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Today on Stateside, we talk with Michigan Congresswoman Debbie Dingell (D-12th) about the presidential race. It's been four years since she predicted Donald Trump's surprise win in Michigan. We'll ask what she sees ahead in 2020. Plus, Michigan’s two largest energy companies have deeply divergent plans for moving to renewables. What does that mean for our state's energy future? 

bernsteinforjustice.com

LANSING, Mich. (AP) - Richard Bernstein has put more than $1.8 million of his own money into his campaign for the Michigan Supreme Court.

  The disclosure was made Friday as candidates for a variety of political offices met a deadline to report campaign finances. Bernstein is an Oakland County lawyer who was nominated by the Democratic Party for an eight-year term on the Supreme Court.

The bottom of the ballot is often ignored. That’s where the non-partisan races are located and includes candidates running for Michigan Supreme Court. Bridge Magazine’s Truth Squad recently reviewed a radio ad being aired on behalf of two of the candidates running for the three open seats.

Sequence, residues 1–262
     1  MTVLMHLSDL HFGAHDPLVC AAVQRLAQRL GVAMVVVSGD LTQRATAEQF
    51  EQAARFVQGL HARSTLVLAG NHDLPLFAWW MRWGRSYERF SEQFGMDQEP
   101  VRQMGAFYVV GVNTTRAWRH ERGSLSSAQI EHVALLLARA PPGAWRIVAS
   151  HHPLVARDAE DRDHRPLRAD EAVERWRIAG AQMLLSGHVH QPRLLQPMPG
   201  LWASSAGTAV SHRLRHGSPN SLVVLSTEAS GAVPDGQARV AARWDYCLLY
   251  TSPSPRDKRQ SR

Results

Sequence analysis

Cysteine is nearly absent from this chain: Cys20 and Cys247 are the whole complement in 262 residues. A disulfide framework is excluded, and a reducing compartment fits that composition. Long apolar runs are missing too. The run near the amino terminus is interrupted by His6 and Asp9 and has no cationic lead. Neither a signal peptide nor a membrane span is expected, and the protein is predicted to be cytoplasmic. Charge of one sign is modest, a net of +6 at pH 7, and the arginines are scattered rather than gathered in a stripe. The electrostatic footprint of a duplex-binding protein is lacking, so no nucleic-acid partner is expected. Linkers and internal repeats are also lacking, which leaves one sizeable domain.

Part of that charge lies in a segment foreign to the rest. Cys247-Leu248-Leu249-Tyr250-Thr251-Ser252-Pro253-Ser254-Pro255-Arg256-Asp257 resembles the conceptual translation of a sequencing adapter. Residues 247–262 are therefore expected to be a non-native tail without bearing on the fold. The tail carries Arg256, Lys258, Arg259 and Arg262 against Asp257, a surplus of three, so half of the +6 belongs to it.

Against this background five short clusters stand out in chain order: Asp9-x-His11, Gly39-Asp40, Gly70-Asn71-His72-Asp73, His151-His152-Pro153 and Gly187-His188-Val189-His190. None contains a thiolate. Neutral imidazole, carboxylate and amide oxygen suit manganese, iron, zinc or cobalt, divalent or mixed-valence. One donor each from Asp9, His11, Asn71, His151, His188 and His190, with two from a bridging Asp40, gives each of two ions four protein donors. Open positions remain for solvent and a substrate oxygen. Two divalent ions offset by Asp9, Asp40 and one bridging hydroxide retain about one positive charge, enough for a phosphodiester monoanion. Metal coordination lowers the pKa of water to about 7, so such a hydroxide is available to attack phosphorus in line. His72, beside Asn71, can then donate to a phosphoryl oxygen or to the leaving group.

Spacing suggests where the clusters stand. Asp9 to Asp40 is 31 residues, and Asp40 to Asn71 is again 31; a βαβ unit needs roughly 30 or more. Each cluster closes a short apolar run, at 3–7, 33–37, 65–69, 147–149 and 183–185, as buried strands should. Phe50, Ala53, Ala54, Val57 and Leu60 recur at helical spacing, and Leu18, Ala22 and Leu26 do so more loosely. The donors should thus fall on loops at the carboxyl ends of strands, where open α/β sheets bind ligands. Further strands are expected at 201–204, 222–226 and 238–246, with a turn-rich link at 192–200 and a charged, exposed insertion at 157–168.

Incumbent Justices David Viviano and Brian Zahra were both put on the court by Gov. Rick Snyder.

A radio ad sponsored by the Michigan Chamber of Commerce makes this statement:

“Viviano and Zahra use common sense on Michigan’s Supreme Court. They’re rule-of-law judges.”

That statement colors the rest of the ad.

Steve Carmody / Michigan Radio

A watchdog group says $1.2 million has been spent on TV ads in Michigan’s Supreme Court judge races this year and more money is flowing in.

Michigan has three seats on the court on next month’s ballot.

Candidates have spent just under a million dollars themselves.   The Michigan Republican Party recently spent $200,000 to boost three GOP candidates.

Laurie Kinney is with Justice at Stake.    She says spending is rising as Election Day draws closer.